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Proper Understanding of Our Use of Entertainment
Proverbs 14:13 Updated American Standard Version (UASV)
13 Even in laughter the heart may ache,
and the end of joy may be grief.
Even in laughter the heart may ache: The Hebrew (שְׂחוֹק sechoq or שְׂחֹק sechoq) for laughter here is thought by some translators and commentators to mean that despite laughter and joy, people’s fundamental characteristics or essence is sadness and grief. However, this does not fit the context of the whole of Proverbs, nor the entire Bible. “The RSV translation expresses the imperfect mood of the verb as is sad. However, as Whybray states, the imperfect form of the verb means “aches” or “is in pain” expressed as a potential condition or possibility and should be rendered, for example, “there may be pain,” or as TEV says “may hide sadness.” The meaning here is that even though a person may be laughing, he may very well still be sad. In some circumstances, sadness and grief can be a part of someone’s laughter and joy. Here (לֵב leb), the heart is the center of emotions.
and the end of joy may be grief: This joy can be a feeling or attitude of gladness or to be filled with delight. (Ps 51:10). This is the response of one’s pure worship of God, and so exceeding power of a feeling that even in extremely adverse circumstances they find joy. The Hebrew term can also refer to pleasure, a state of being happy. The sense here is what happens to the body, which delivers entertainment to the senses. (Prov. 21:17; Eccles. 2:1; 2:2, 10; 7:4) The Hebrew (תּוּגָה tugah) is an emotion or attitude that is rendered grief, but also means sorrow and anguish has the sense of deep sorrow, especially that caused by a loss. This is the opposite of joy.
Can a person be happy if they are not at peace within themselves? Do laughter and joy relieve deep-rooted grief? Is it wise to submerge your feelings of deep-seated sadness in alcohol, misuse drugs, or try to remove those feelings by choosing to live a promiscuous life? No.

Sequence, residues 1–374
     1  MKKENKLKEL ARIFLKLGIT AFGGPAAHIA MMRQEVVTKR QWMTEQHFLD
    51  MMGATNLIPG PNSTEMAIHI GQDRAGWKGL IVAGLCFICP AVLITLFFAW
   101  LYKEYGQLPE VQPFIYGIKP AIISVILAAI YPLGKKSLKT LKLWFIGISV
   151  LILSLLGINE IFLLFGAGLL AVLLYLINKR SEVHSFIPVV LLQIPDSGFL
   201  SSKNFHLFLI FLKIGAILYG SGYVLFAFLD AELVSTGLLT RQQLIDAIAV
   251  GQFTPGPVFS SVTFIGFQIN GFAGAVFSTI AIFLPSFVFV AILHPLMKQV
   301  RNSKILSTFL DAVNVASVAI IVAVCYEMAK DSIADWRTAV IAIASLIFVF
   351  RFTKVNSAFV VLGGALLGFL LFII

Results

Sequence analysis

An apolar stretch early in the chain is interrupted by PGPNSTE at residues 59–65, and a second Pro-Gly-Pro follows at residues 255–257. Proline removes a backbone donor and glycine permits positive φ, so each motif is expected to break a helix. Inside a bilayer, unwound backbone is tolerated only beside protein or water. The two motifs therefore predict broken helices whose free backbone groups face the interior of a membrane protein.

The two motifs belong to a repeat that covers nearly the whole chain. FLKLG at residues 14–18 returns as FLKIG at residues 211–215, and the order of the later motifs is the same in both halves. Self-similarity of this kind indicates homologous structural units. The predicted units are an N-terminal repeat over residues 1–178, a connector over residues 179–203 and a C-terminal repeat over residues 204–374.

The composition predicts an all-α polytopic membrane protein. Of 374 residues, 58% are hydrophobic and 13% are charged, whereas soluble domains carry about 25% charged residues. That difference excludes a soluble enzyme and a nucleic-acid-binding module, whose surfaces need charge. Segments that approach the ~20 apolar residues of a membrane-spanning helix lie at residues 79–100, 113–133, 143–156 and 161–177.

This shows the futility of bodily entertainment and proves what Solomon said of laughter, “It is mad,” and of pleasure, “What use is it?” (Eccles. 2:2) Sometimes when a person feels guilty or condemnatory toward self or is suffering through difficult times, they conceal their grief by excessive entertainment and try to act as though a particular situation is not as undesirable or grim as it really is. They do not cry out when grief or anguish is upon them but rather seek laughter and joy to cover over the pain. However, an enormous amount of entertainment that brings about false laughter and joy cannot keep the ache from their heart. Their God-given consciences warn them they have no reason to be happy. (Hosea 9:1) They can see the futility of it. Spiritual laughter and joy are deeply grounded in the soul. However, this laughter and joy used to cover over pain are but from the mouth alone. (John 16:22; 2 Cor. 6:10) After one has indulged themselves in alcohol, misuse drugs, or a promiscuous life, the end is a guilt-filled, burdened, weighty heart. The momentary pleasure is great while in it but short-lived (immediate gratification), like a campfire made of kindle alone. If an ounce of God-given conscience is left within them, the sinful and profane entertainment will be followed by great grief, anguish, and bitterness. If there is no conscience left because it has grown callused, the grief, anguish, and bitterness will be so much greater when judgment day comes. The holy ones’ sadness, anguish, pains, and grief will end in everlasting joys (Psa. 126:5), but fools’ false laughter and joy will end in great grief, anguish, bitterness, and weeping.
 Or be sad
 William David Reyburn and Euan McG. Fry, A Handbook on Proverbs, UBS Handbook Series (New York: United Bible Societies, 2000), 312–313.